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I'm in the process of applying for admission to a PhD program this Fall after several years in industry. Due to the late timing of the application I'm looking at self-funding my first year, but after that I would rather not be doing so. What would my options be for funding after the first year beyond just TA and RA-ships?

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    You will get better feedback if you edit your post to include your location (e.g., US, Germany, etc.). – Mad Jack Aug 1 '15 at 16:15
  • @MadJack Yes, good catch! Updated. – anonymous Aug 1 '15 at 16:16
  • This depends on your field. In science and engineering, probably funding is available. But good luck getting funding to study medieval architecture ... besides RA and TA there may be AA (administrative assistant). They get some graduate student to do clerical work in the college office, for example. – GEdgar Aug 1 '15 at 19:27
  • In my Ph.D. program at Stanford, because I was married I wasn't offered any funding. But everything I did - RA, TA, etc. brought a certain number of tuition remission credits. In the end, I only paid for 3 units during my whole program. This will only work if you have a partner who works. – ewormuth Aug 1 '15 at 20:34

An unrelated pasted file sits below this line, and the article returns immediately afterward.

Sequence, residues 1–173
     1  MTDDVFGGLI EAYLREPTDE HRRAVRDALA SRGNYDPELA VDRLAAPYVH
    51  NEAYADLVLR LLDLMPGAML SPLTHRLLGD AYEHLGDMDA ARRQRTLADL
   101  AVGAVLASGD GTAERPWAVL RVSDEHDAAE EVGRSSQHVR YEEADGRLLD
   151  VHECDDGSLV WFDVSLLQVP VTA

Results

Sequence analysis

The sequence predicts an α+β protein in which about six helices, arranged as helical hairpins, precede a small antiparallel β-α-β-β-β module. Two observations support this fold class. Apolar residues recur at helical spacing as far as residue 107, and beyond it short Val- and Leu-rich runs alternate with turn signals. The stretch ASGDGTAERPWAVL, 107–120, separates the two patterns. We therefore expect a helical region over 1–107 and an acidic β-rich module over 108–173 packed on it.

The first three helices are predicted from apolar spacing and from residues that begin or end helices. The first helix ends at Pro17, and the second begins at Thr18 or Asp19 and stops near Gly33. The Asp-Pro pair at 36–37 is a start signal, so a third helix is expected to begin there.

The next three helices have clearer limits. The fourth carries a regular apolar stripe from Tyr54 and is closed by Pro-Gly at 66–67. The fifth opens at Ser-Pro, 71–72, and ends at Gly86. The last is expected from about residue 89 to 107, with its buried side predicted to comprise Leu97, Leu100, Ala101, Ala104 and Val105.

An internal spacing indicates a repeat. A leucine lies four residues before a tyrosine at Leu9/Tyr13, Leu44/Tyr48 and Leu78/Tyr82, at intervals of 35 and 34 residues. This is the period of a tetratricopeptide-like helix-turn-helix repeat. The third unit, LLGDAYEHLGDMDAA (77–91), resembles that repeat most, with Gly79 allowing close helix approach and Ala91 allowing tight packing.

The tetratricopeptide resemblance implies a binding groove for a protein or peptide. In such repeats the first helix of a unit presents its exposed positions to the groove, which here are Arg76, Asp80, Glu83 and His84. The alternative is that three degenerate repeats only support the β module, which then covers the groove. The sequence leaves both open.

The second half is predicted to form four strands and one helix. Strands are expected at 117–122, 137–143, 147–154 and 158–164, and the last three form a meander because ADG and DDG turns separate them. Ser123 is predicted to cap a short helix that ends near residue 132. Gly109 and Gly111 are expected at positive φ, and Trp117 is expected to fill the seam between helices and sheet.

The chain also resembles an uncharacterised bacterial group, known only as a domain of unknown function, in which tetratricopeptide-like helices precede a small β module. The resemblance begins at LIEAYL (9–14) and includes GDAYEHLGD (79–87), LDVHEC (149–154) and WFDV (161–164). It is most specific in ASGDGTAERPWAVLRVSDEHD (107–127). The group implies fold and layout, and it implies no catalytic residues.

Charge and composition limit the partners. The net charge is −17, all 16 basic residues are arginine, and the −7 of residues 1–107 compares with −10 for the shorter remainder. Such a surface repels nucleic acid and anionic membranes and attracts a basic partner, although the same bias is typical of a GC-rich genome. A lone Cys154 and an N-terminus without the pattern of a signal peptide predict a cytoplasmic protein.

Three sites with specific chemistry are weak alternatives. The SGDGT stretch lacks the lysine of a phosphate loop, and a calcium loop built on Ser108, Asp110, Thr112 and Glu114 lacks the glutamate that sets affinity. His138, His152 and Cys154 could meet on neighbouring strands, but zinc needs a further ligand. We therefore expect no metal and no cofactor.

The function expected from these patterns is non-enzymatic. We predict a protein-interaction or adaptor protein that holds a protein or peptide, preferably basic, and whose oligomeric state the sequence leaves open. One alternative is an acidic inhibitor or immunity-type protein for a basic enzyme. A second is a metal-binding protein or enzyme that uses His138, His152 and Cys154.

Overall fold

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    @ewormuth: "In my Ph.D. program at Stanford, because I was married I wasn't offered any funding." Wait, what? It sounds like you are saying that you were discriminated against based on your marital status. Could you clarify/confirm and also indicate when this took place? – Pete L. Clark Aug 1 '15 at 21:03
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In the US, various funding agencies (NSF, NIH, DOE, ...) have fellowships you can apply to for predoctoral students. They tend to be very competitive compared to internal sources (Teaching Assistantships, Research Assistantships, Graduate Assistantships), but they may offer a higher stipend.

Depending on your field, professional societies also offer fellowships: American heart association, Whitaker foundation, Gates foundation.

Industry also offers some in association with various schools: Siemens, Raytheon, Johnson & Johnson.

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